Lessons from Recovery: the Great East Japan Earthquake of 2011
No one knows exactly when and where disaster will strike. And whatever form it takes, disaster is bound to have a dramatic impact on people’s lives and the environment.
Through the Great East Japan Earthquake of 2011, we were reminded of the fact that even in the information age of the 21st Century, we are still very much powerless against the forces of nature. The damage inflicted through that disaster was extensive, and Japan is still struggling to recovery from it.
Now, five years after the disaster, media coverage on the recovery has waned, and when looking on from the sidelines it may seem that Japan’s recovery efforts are moving along smoothly. The reality, however, is that there are still many problems yet to be solved. We believe that now is the perfect time for reflection on this tragedy—on what has been accomplished over the past five years and on what is left for us to tackle. Which is why we would like to use this exhibition to introduce several test cases that we hope will be used as a reference for recovery.
Out of this tragedy has been born a generation that seeks out new opportunities—young entrepreneurs and determined victims rising up out of their difficult circumstances. While much of their effort may be attributed to mere necessity, their ability to narrow down their focus and open new doors reminds us that disaster is not the end—it is a new beginning.
A year after the earthquake and tsunami, Amazon Japan saw large profit gains in the Tohoku region. A business seminar organized by the City of Sendai brought together many eager entrepreneurs ready to take the next step. As these facts suggest, the key to recovering from disaster is in not in material aid alone but in taking the next step forward mentally.
Over the last five years, there have been many disasters throughout the world. Disaster is not the problem of any one particular area. It is our hope that the specific examples of recovery efforts taken after the Great East Japan Earthquake be used as a reference for recovery efforts in nations hit by disaster worldwide.
This exhibition was made possible by four cameramen who moved to the Tohoku region after the disaster and who contributed to this exhibition on an entirely voluntary basis. Through this exhibition, attendees will witness their passionate desire to help revitalize Japan even in the face of despair, their overwhelming compassion for the people of Tohoku, and their powerful sense of mission to share photos and videos with the rest of the world.
Youth for 3.11, a student volunteer organization formed after the disaster, has also made contributions through their interviews with Mr. Tatsuo Hirano, the first Minister of Reconstruction, and the famous Japanese architect Mr. Toyo Ito. There is no doubt that this valuable experience will serve as a powerful inspiration for these aspiring young leaders.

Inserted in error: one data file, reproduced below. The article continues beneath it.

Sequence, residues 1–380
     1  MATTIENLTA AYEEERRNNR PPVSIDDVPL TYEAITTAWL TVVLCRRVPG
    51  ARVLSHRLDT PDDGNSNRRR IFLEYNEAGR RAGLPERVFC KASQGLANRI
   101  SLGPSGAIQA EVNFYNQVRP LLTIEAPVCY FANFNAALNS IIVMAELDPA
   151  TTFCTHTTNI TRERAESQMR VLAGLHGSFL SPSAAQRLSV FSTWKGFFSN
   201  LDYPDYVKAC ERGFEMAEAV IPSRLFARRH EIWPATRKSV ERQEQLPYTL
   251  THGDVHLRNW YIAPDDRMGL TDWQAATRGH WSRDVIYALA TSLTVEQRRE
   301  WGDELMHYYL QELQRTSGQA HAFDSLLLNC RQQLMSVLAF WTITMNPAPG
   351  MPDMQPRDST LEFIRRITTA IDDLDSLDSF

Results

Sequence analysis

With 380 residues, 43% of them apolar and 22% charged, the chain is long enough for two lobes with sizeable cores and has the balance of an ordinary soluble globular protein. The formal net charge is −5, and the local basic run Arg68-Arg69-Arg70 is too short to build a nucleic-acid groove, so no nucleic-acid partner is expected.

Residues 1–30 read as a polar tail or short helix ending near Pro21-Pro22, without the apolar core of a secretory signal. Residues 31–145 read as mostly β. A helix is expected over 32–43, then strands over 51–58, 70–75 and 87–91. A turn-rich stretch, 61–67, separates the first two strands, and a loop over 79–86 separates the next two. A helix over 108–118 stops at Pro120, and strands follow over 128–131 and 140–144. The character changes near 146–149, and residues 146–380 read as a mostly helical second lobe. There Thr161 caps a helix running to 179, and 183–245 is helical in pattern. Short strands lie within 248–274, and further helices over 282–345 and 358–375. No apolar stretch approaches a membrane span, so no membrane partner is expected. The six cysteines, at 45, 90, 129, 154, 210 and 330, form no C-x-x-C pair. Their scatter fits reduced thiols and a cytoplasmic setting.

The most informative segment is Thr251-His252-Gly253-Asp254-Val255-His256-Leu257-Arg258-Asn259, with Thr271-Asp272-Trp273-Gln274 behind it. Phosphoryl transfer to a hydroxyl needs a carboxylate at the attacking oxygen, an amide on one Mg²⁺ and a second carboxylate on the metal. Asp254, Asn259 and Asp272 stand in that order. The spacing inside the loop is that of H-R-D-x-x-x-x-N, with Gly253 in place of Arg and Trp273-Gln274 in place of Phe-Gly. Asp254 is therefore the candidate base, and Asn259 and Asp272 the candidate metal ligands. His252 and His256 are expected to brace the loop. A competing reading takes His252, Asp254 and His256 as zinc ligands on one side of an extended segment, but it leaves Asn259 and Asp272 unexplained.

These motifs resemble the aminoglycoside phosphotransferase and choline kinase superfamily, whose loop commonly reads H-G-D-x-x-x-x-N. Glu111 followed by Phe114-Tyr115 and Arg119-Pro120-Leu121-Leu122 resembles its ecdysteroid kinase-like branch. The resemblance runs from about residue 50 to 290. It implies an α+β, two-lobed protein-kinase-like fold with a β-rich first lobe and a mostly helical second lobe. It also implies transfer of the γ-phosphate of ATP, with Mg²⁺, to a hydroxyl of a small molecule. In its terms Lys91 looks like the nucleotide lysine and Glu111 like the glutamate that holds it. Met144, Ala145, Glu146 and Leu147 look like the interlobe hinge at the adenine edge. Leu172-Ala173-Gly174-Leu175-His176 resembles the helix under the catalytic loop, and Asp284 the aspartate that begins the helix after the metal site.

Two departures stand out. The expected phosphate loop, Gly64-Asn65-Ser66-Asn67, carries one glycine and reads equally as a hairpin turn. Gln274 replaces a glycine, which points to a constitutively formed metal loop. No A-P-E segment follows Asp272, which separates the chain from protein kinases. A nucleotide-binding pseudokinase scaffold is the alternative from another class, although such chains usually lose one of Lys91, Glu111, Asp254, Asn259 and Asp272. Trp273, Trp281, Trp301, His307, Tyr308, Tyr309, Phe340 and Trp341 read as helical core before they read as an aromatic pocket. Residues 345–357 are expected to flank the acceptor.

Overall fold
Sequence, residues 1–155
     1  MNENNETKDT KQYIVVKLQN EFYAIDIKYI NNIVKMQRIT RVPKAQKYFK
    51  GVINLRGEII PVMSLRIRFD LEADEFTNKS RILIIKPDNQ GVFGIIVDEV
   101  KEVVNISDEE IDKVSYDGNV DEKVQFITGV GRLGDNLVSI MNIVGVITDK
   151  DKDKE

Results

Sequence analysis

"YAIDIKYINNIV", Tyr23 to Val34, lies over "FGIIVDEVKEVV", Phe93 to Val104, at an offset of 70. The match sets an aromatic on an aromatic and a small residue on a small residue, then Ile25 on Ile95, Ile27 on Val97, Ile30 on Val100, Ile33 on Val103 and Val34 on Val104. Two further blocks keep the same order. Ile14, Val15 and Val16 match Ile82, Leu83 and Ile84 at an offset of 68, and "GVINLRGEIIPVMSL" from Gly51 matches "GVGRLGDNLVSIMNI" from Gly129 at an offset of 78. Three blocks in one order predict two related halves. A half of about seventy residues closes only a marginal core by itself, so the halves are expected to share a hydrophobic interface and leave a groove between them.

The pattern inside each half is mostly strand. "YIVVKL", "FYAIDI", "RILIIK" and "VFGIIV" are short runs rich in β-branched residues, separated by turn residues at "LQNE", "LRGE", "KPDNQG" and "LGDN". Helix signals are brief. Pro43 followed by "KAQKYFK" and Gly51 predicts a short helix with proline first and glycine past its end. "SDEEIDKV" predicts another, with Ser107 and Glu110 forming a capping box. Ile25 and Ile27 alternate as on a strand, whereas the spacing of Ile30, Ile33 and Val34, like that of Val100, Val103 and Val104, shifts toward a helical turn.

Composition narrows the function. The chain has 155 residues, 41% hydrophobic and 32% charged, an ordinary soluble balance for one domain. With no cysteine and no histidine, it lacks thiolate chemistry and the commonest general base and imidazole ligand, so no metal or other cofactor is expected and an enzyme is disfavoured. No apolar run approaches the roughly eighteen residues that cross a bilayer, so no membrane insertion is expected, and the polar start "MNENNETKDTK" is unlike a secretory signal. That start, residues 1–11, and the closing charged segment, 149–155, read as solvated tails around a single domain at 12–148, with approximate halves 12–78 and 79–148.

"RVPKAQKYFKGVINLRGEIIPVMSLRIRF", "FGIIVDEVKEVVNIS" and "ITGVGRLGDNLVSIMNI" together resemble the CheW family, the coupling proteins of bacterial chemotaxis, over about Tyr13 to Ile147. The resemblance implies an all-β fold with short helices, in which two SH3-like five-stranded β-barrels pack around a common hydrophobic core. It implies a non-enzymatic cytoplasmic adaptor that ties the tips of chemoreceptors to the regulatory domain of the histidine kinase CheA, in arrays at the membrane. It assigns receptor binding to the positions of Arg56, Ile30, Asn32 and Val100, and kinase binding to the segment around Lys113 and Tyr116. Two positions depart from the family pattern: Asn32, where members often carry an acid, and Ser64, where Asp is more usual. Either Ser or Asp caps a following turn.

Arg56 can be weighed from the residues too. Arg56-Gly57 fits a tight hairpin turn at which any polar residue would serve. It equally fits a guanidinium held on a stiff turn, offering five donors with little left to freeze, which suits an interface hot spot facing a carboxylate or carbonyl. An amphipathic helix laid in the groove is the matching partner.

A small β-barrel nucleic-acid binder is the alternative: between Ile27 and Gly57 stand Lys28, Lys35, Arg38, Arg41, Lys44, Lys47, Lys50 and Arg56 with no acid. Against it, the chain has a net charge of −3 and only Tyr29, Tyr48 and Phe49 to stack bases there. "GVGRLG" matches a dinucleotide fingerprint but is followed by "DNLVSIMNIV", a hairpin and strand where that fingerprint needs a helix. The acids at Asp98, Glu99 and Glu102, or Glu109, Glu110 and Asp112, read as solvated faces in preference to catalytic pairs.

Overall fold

Miya Ando, a modern artist based in New York whose works have been exhibited throughout the world, will be contributing an installation art piece. Through this piece, she hopes to honor the souls lost in the disaster and to aspire for a future full of peace for Japan.
At this exhibition, people from all walks of life—politicians, government workers, architects, manufacturers, fishermen, farmers, grocers, craftsmen, medical workers, caregivers, entrepreneurs, educators, cultural workers, journalists, modern artists, university students, children, and the elderly—have all gathered at the Nippon Gallery to become one voice as they share with the world their story of recovery.
Children learning hands on at the Solar Agripark (Fukushima) ©Yuki Iwanami
Organized by The Nippon Club
Sponsored by the J.C.C. Fund (the Japanese Chamber of Commerce and Industry of New York)
With support from the Reconstruction Agency, the Permanent Mission of Japan to the UN, the Consulate-General of Japan in New York, and The Japan Foundation, New York
In collaboration with the Tohoku University Taro Igarashi Laboratory, independent photographers living in Tohoku (Hiromi Furusato, Keisuke Hirai, Yuki Iwanami, Shoichi Suzuki), the nonprofit organization “Youth for 3.11”, the Tohoku Film Association, the Makibiz Foundation, Norah Ibrahim, Miya Ando, Kazuko Uchida, Yuri Miyamoto, and the people of Tohoku
Director: Yutaka Takiura (architect and associate professor at the Pratt Institute)
Curator: Kyoko Sato (independent curator)
About the director and curator
Yutaka Takiura, an architect and associate professor at the Pratt Institute, has donated various designs to victims of natural disaster throughout the world in an attempt to provide advanced architecture and design to those in need of it. Curator Kyoko Sato has performed coordination and curating for several exhibitions focused on peace and disaster recovery: she worked on The Great East Japan Earthquake Press Photo Exhibition (organized by the Nippon Club and the Asahi Shimbun, 2011) held at the Nippon Club after the disaster, and on the modern art exhibit Re: Kontemporary, Fermented Souls (organized by the Waterfall Mansion and supported by the United Nations Fund, 2015) held on the 50th anniversary of the normalization of relations between Japan and Korea.
|Period||January 28–February 23, 2016|
|Hours||Hours: Mon-Fri: 10:00 am – 6:00 pm, Sat: 10:00 am – 5:00 pm|
|Location||The Nippon Gallery at the Nippon Club
145 West 57th Street, 7th Floor
New York, NY 10019
|Detail||Ｔel (212) 581-2223